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James George Kalergis was a career U.S. Army officer whose career spanned the World War II and Post-Vietnam eras and played a significant role in the post-Vietnam era reorganization of the U.S. Army.

Youth and early career

Kalergis was born in Lowell, Massachusetts on January 13, 1917. His father, George Demetrios Kalergis was an immigrant from Greece. Kalergis graduated of Boston University. His education continued during his military career when he earned a masters degree in international relations at George Washington University and attended Harvard Business School. He also attended U.S. Army officer training at Command and General Staff School at Fort Leavenworth, Kansas and the Army War College.

Kalergis enlisted in the U.S. Army in February 1941, prior to the start of World War II. He was commissioned as a lieutenant after attending the Field Artillery Officer Candidate School at Fort Sill, Oklahoma in 1942.[1] He served as an artillery officer with the 882nd Field Artillery Battalion. By November 1943, he was a captain and battalion adjutant and promoted to major shortly after the unit arrived in France in February 1945.[2][3] He was awarded the Bronze Star while with the 882nd which generally supported the 70th Infantry Division's 274th Infantry Regiment during the Rhineland and Central Europe campaigns.[4][5]

From 1949 to 1952, Kalergis, as a major, was assistant professor of military science and tactics at Saint Bonaventure College, a Franciscan school in St. Bonaventure, New York.[6] As a lieutenant colonel in 1954, Kalergis commanded the 36th Field Artillery Group's 597th Armored Field Artillery Battalion in Hanau, Germany.
Vietnam and army reorganization

In the in 1960s, Kalergis served tours in South Korea and as commander of 2nd Armored Division (United States) at Fort Hood, Texas. During the Vietnam War from 1967 to 1968, he commanded the artillery for the corps-level organization I Field Force, Vietnam (United States). The next year, he served as First Field Force's chief of staff.[2] In Vietnam, he was recognized in efforts to quantify and reduce "harassment and interdiction fire", artillery fire intended to reduce enemy morale and movement. Yet in practice, it was rarely observed or checked for results and generally proved useless in countering enemy activities in a war without fronts. Kalergis developed systems to quantify and significantly reduce its use due to ineffectiveness, collateral damage to civilians and its high cost.[7]

As a major general, Kalergis was Deputy Commanding General for Logistical Support of the United States Army Materiel Command from 1970-1972.

In early 1972, Kalergis was recognized for his organizational abilities and tasked with drawing up the 1973 reorganization of the U.S. Army, the most extensive reorganization of the Army in the continental United States since 1942.[8] Operation STEADFAST resulted in the establishment of U.S. Army Forces Command (FORSCOM) and U.S. Army Training and Doctrine Command (TRADOC).[9] It was followed by subsequent reorganizations in Army Staff Headquarters and of units in the field. The effort to accomplish internal reorganization was initiated with the Army, forestalling efforts by the executive or legislative branch in the post-Vietnam era.[10] Kalergis then served as assistant vice chief for Army Chief of Staff.
Retirement

From 1974 until his retirement from active duty in 1975, Kalerigis was commanding general of the First United States Army at Fort Meade, Maryland.[11]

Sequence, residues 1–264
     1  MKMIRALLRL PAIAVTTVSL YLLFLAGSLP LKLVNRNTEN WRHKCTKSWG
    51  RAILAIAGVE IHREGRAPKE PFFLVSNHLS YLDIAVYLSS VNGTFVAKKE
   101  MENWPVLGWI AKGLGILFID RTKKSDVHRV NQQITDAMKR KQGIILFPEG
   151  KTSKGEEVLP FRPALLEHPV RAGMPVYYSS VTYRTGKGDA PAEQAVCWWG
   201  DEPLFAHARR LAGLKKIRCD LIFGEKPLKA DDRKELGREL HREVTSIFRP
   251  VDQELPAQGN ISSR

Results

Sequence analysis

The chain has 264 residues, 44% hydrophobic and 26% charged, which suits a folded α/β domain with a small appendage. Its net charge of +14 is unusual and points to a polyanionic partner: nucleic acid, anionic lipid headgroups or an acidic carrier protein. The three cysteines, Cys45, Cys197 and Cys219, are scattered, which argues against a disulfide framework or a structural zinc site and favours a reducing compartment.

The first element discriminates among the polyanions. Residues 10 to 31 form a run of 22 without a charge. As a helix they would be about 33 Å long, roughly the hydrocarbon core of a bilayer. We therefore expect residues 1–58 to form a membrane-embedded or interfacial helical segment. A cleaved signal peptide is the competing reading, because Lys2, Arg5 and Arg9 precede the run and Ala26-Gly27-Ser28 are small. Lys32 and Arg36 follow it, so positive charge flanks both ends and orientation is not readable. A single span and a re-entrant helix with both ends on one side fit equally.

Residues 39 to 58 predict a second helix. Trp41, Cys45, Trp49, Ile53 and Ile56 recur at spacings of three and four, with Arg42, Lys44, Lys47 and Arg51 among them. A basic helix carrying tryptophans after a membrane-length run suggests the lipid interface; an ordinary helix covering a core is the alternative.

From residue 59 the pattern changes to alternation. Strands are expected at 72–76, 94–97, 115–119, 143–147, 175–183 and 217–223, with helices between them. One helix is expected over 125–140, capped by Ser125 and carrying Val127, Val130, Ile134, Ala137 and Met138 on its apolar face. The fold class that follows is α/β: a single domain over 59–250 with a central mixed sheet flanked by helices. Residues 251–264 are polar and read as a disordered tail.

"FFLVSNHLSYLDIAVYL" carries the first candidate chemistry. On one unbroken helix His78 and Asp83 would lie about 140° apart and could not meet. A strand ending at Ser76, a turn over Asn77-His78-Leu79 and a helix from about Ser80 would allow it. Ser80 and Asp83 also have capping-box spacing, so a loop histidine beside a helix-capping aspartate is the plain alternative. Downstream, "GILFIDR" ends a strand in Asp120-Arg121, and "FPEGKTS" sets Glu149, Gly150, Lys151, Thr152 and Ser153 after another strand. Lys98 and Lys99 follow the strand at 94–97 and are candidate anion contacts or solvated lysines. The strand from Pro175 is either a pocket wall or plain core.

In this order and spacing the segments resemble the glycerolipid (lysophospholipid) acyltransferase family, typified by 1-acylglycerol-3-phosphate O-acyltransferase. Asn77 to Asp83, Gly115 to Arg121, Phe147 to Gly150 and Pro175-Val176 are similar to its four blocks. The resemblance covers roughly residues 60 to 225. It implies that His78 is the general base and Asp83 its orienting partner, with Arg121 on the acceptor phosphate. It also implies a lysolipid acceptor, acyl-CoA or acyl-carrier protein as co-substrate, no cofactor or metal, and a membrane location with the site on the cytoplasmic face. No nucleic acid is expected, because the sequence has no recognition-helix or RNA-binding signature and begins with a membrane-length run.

In retirement in 1976, Kalerigis chaired a task force that drafted an action plan Tank Weapon System Management. A Program for Maximum Effectiveness to improve armored forces management.[12] His retirement activities also included serving as a Pentagon consultant, and from 1979 to 1982 as chairman of Vinnell Corporation which trained the Saudi National Guard.[2]

Kalerigis died of cancer at Walter Reed Army Medical Center on April 13, 1991 at the age of 74. He resided in Alexandria, Virginia and was married to Norma Butler for 50 years at the time of his death.[2]
References

^ Clement, David. "Fort Sill Field Artillery Officers Candidate School Hall of Fame". Retrieved 2008-07-07.
^ a b c d "Retired Lt. Gen. James Kalergis Dies at 74". The Washington Post: pp. D6. April 15, 1994
^ Yeide, Harry. "70th Infantry Division Association: Attached Units Tanks". Retrieved 2008-07-09.
^ Unknown. "70th Infantry Division Association: Honor Roll - 882nd Field Artillery Battalion". Retrieved 2008-07-09.
^ Unknown. "70th Infantry Division Association: 882nd FAB, After Action Report". Retrieved 2008-07-09.
^ Frank, Dennis. "Saint Bonaventure Faculty List 1859 to 1952". Friedsam Memorial Library, St. Bonaventure University. Retrieved 2008-07-07.
^ Hawkins, John M. (2006). "The Costs of Artillery:Eliminating Harassment and Interdiction Fire During the Vietnam War". Journal of Military History 70 (1): 91–122. doi:10.1353/jmh.2006.0068.
^ Brown, James A. (1985). Operation Steadfast: The United States Army Reorganizes Itself. USMC Command and Staff College. Retrieved 2008-07-07.
^ Bell, William Gardner and Karl E. Cocke (1973). "4". Department of the Army Historical Summary Fiscal Year 1973. United States Army Center of Military History. pp. 44. Retrieved 2008-07-07.
^ Brown, James A.
^ Ray, Max (1980). The History of the First United States Army From 1918 to 1980. Fort Meade MD: First United States Army.
^ Kalergis, James G. (1976). Tank Weapon System Management. A Program for Maximum Effectiveness. Chief of Staff, United States Army. Retrieved 2008-07-07.

Additional resources

Stewart, Richard W. (2005). "12". American Military History: Volume II. The United States Army in a Global Era, 1917-2003. United States Army Center of Military History. pp. 385. Retrieved 2008-07-07.

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